Flopping Fight: NBA, Players’ Association Square Off

The basketball league wants to significantly stiffen its fines for flopping, but the National Basketball Players Association isn't falling for that change.

The National Basketball Association (NBA) has plans to punish or fine players for falling down on the job — literally — and the league’s players’ association isn’t happy about it.

Last week, the NBA proposed a series of fines on the act of flopping — ranging from $5,000 for the second offense to $30,000 for the fifth offense — that the National Basketball Players Association (NBPA) calls excessive and outside the scope of the league’s collective-bargaining agreement.

“The NBA is not permitted to unilaterally impose new economic discipline against the players without first bargaining with the union,” the group’s executive director, Billy Hunter, said in a statement published by USA TODAY. “We believe that any monetary penalty for an act of this type is inappropriate and without precedent in our sport or any other sport.”

The group, citing fair labor violations, may fight the proposed rule in court.

Now, granted, your association will probably never run into a situation exactly like this one. But if something changes on the job, when is it time to fight for your fair labor interests? When doesn’t the punishment fit the crime?

What is “flopping,” anyway?

Flopping, a generally defensive tactic used by basketball players to draw a foul from an opposing player, has been criticized as a “dirty” tactic over the years, though some basketball players and fans consider it fair play.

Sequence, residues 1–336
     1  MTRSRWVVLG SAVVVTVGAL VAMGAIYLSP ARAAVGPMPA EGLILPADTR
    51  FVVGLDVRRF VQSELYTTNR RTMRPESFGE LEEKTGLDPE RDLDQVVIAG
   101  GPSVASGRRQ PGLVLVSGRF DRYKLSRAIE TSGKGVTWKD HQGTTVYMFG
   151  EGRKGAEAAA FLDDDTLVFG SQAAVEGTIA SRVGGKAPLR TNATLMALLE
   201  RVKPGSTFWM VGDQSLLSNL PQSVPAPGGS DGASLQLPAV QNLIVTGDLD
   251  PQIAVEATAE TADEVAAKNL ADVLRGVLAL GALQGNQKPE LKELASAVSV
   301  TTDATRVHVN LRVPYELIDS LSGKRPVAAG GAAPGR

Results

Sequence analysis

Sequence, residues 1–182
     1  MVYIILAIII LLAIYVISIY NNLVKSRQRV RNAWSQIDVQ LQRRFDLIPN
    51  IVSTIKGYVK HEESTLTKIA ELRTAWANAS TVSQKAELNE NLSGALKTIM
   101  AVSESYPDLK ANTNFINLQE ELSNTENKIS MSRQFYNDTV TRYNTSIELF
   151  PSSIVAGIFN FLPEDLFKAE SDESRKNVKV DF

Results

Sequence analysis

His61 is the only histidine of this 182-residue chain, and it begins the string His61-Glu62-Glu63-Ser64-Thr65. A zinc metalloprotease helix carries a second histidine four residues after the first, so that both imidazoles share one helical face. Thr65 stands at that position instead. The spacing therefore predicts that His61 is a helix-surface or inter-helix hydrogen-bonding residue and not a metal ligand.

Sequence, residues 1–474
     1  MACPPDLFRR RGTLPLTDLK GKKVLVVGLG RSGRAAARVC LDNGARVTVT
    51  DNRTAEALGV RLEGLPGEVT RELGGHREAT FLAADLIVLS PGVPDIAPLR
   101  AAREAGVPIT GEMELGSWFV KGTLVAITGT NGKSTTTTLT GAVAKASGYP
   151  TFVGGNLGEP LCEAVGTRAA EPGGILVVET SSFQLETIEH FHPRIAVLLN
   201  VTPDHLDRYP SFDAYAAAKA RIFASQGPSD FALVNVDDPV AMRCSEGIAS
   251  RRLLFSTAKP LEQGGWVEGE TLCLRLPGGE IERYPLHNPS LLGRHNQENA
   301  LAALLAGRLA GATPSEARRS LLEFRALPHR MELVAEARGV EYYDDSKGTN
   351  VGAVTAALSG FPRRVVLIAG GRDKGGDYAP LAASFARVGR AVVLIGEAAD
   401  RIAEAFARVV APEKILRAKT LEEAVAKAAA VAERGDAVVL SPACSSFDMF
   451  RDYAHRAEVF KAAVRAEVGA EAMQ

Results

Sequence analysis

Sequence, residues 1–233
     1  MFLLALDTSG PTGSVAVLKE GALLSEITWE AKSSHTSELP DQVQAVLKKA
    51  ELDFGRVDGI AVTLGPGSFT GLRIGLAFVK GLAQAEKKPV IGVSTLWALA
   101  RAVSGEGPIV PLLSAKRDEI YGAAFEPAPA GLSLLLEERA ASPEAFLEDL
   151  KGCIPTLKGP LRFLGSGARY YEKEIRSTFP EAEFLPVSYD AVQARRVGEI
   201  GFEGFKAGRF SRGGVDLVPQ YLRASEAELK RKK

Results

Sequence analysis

Not a basketball fan? Here’s a prime example of a flop by NBA superstar LeBron James, a player often cited by critics for using the tactic.

Note the way James dramatically falls despite barely touching his opponent. The NBA has also released a video of “flops” that will get players fined.

For decades, this technique was accepted as part of the sport — with some players, such as legendary center Vlade Divac, earning respect for doing it well. But in recent years the NBA has started cracking down.

Players react

Shameless flopping, that’s a chump move. We’re familiar with it.

Many players and commentators believe the level of punishment doesn’t fit the crime.

“Listen, I don’t flop like a lot of these guys,” James’ Miami Heat teammate, Shane Battier, told the Miami Herald. He worries profiling might play a role in the fines. “I know a lot of people say I flop, but I’m too old for that.”

But some, however, showed their support:

“I like the rule,” the Los Angeles Lakers’ Kobe Bryant told ESPN. “Shameless flopping, that’s a chump move. We’re familiar with it. Vlade (Divac) kind of pioneered it in that playoff series against Shaq, and it kind of worked for him.”

If you were running the National Basketball Players Association, how would you handle this situation?

(YouTube screenshot)

Ernie Smith

By Ernie Smith

Ernie Smith is a former senior editor for Associations Now. MORE

Got an article tip for us? Contact us and let us know!